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Children's Palliative Care in Africa$
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Justin Amery

Print publication date: 2009

Print ISBN-13: 9780199567966

Published to Oxford Scholarship Online: November 2011

DOI: 10.1093/acprof:oso/9780199567966.001.0001

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PRINTED FROM OXFORD SCHOLARSHIP ONLINE (oxford.universitypressscholarship.com). (c) Copyright Oxford University Press, 2021. All Rights Reserved. An individual user may print out a PDF of a single chapter of a monograph in OSO for personal use. date: 16 June 2021

Neurological symptoms

Neurological symptoms

Chapter:
(p.171) Chapter 9 Neurological symptoms
Source:
Children's Palliative Care in Africa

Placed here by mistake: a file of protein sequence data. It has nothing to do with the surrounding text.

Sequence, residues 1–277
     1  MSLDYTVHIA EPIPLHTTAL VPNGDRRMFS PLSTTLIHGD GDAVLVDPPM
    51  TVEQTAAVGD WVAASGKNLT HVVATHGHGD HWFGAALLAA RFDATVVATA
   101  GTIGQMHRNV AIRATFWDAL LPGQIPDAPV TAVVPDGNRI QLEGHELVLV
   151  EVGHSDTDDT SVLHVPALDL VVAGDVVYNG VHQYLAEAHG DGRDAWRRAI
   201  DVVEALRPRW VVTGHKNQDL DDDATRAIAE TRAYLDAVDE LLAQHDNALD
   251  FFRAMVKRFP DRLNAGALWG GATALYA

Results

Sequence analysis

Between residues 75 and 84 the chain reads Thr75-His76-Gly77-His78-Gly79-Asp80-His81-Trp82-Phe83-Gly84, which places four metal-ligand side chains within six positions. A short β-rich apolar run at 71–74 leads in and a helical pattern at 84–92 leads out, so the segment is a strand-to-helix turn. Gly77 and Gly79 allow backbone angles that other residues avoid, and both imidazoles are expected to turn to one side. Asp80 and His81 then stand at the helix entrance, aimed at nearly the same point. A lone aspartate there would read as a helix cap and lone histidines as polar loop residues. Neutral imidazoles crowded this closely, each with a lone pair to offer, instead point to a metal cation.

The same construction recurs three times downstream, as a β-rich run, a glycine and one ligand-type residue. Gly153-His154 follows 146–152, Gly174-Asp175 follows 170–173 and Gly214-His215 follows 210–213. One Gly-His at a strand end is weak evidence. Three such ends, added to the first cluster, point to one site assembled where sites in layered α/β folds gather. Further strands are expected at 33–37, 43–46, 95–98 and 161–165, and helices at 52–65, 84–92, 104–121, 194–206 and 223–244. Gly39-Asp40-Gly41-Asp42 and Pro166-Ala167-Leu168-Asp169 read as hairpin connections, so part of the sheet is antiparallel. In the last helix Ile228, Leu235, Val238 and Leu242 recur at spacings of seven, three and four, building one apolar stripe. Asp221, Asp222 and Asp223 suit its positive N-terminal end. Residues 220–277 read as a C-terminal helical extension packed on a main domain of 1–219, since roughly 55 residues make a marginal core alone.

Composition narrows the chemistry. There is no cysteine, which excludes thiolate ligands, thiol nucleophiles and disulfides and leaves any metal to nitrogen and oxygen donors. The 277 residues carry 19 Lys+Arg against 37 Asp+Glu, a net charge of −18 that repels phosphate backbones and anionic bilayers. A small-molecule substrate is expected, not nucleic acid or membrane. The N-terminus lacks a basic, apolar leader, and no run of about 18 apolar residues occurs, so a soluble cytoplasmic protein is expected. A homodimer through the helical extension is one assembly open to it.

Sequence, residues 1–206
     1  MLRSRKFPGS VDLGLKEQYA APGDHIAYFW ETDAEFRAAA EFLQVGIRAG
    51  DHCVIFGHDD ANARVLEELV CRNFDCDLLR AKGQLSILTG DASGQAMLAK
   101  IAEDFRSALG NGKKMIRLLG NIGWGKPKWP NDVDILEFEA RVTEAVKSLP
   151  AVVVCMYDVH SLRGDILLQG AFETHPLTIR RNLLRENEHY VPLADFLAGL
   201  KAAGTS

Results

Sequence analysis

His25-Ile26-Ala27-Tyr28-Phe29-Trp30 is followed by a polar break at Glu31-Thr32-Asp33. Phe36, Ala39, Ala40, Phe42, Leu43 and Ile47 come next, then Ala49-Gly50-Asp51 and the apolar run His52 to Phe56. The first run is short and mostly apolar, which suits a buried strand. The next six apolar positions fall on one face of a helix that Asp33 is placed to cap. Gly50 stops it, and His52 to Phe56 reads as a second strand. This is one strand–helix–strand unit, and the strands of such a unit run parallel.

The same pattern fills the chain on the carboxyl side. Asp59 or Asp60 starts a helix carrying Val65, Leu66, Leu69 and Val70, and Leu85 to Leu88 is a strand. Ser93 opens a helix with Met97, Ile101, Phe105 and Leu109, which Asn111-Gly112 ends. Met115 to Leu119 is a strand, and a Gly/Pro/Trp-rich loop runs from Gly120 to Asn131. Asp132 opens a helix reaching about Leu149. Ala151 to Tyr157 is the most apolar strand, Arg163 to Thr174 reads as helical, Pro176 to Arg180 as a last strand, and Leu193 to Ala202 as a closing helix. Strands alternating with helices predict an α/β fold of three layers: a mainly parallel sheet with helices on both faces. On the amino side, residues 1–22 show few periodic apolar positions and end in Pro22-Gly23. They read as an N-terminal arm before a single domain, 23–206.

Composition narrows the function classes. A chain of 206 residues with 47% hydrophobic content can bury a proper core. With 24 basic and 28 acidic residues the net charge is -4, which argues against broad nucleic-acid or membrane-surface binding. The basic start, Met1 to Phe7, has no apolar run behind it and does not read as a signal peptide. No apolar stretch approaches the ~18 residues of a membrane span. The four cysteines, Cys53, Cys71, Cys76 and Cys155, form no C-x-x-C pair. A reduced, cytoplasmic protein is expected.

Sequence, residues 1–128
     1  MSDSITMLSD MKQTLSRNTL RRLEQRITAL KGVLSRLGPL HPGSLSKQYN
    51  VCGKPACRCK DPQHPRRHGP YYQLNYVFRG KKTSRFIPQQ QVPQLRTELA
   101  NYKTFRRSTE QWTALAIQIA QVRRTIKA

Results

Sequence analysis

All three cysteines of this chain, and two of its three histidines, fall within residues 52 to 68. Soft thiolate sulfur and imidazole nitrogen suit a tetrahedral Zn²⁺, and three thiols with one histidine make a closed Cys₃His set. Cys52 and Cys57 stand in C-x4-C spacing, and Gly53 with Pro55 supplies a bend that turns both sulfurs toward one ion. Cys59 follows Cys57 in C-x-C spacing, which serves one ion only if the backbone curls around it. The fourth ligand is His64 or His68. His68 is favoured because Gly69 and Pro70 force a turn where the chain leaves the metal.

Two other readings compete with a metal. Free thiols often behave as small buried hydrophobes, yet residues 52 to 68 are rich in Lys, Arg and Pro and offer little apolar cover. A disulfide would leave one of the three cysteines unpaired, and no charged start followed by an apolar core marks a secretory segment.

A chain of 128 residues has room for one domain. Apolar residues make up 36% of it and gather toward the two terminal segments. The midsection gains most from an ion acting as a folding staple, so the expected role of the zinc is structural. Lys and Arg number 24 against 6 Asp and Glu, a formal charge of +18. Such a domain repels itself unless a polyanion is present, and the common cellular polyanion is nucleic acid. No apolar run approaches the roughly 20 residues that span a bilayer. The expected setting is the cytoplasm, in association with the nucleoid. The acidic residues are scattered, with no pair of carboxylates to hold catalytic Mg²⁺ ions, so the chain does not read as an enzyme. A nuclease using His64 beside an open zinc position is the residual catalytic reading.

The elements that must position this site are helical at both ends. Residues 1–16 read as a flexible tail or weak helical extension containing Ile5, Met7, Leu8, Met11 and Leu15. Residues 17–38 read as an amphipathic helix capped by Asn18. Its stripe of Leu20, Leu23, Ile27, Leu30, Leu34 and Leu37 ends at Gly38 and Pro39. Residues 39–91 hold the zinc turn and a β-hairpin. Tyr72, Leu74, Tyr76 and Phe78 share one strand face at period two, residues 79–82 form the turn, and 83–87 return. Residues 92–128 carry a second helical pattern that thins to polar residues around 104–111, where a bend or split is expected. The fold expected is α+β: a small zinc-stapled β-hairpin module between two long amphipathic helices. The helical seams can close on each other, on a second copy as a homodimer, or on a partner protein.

Author(s):

Justin Amery

Susie Lapwood

Michelle Meiring

Publisher:
Oxford University Press
DOI:10.1093/acprof:oso/9780199567966.003.0009

This chapter notes that neurological problems are relatively common in children's palliative care. Delirium is a common problem in childhood and extremely common in children towards the end of life. Seizures are extremely frightening to the child, family, and health professionals, all of whom may see them as a herald of impending death but most seizures are harmless and self-limiting and one usually does not need to intervene. HIV encephalopathy may be at least partly reversible, but only by ART. Unless the child is close to death, ART should be started as soon as possible, irrespective of CD4 counts. Delay risks further irreversible neurological destruction. Meanwhile, dystonia is extremely painful but often overlooked as it is usually present in children with global neurological impairment, who cannot easily communicate their pain. It is difficult to treat and usually requires a full range of non-pharmacological, pharmacological, and even surgical interventions.

Keywords:   neurological problems, palliative care, delirium, seizure, dystonia, HIV encephalopathy

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